Norwegian Air Shuttle launched flights from three United States airports to Paris’ Charles De Gaulle Airport on July 29, starting with four weekly flights from New York’s JFK International Airport, two weekly flights from Los Angeles International Airport and one weekly flight from Fort Lauderdale-Hollywood International Airport. This initiative marks Norwegian’s first operation from Charles De Gaulle Airport. The airline has been operating flights from Paris Orly International Airport to five Scandinavian destinations.
The company prides itself on what may indeed be the most cost efficient way to get from the U.S. to many continental European destinations. Online bookings show one-way rates between Los Angeles (LAX) and Paris Charles De Gaulle (CDG) to be as low as $229.00.
In less than three years since the launch of its U.S. operations, Norwegian now has more nonstop routes from the U.S. to Europe than any other European airline. The airline already provides nonstop service to London, Copenhagen, Oslo and Stockholm, as well as seasonal service to Bergen. In total, Norwegian offers 38 routes from the U.S. All Paris flights are operated on the Boeing 787 Dreamliner.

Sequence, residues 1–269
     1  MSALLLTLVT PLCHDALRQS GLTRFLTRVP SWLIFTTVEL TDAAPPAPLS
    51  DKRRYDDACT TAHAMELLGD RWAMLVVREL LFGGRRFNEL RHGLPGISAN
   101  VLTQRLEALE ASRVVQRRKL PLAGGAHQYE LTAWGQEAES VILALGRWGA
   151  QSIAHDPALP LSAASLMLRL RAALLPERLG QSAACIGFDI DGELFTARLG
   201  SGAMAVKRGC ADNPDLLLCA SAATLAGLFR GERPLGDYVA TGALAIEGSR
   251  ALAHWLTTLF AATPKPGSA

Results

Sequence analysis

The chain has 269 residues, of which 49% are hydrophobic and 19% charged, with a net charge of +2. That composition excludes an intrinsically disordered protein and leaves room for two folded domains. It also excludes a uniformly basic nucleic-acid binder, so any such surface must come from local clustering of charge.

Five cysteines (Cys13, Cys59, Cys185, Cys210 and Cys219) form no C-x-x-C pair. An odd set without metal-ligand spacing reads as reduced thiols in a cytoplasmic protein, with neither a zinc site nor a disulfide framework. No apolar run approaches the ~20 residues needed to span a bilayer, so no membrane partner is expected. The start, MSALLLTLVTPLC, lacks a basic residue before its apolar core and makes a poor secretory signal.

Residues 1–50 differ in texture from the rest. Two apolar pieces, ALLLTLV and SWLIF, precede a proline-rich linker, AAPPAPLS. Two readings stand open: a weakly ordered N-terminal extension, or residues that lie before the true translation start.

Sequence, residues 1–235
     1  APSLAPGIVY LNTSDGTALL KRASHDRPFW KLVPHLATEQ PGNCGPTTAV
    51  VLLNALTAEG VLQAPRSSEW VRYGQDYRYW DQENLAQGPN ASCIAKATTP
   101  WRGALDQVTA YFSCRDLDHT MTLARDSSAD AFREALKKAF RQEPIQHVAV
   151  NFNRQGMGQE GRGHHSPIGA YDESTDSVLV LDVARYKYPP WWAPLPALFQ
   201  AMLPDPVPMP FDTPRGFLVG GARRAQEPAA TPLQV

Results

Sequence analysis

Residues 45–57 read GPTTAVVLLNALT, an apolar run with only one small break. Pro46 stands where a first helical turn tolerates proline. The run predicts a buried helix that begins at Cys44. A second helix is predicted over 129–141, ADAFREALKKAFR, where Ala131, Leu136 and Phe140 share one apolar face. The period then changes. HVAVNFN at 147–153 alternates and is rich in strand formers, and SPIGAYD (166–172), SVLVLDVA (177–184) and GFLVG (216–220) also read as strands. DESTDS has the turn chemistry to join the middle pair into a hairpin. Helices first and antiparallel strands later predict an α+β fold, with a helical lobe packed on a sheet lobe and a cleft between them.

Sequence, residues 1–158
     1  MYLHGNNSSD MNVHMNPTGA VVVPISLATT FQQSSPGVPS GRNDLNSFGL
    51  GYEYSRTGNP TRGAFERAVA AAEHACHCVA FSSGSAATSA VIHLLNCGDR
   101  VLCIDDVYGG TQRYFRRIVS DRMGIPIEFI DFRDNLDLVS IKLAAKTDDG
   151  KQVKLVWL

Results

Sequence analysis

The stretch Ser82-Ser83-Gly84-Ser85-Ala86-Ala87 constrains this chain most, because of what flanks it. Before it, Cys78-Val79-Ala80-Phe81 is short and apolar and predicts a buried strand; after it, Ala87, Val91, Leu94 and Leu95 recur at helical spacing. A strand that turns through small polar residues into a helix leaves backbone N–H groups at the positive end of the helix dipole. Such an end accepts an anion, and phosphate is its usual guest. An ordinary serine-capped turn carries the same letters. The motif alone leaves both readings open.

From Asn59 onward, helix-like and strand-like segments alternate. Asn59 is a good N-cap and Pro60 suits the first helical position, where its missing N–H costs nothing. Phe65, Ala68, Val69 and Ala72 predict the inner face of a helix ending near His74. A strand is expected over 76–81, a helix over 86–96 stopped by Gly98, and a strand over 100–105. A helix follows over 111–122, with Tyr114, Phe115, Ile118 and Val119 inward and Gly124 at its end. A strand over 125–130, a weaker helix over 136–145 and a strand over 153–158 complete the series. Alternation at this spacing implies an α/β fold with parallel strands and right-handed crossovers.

The launch was marked in Los Angeles by the unveiling of the Norwegian Aura Reader, an app accessible by computer that snaps a photo or reads an uploaded photo of the person searching and returns an analysis of their dominant aura matched by a description of the destination Norwegian serves that best fits their aura type.
Prior to its Paris service this summer, Norwegian launched four other key long-haul routes from the U.S. Boston-London on March 27; Boston-Oslo on April 2; Oakland/San Francisco-London on May 12; and Boston-Copenhagen on May 17.
The airline incorporates an aggressive corporate sales policy and works with a variety of companies, large and small, to facilitate business travel, offering a premium cabin with added legroom and perks and access to a selection of airport lounges around the world. It offers its own frequent flyer program, Norwegian Reward, not attached to other airline programs or alliances.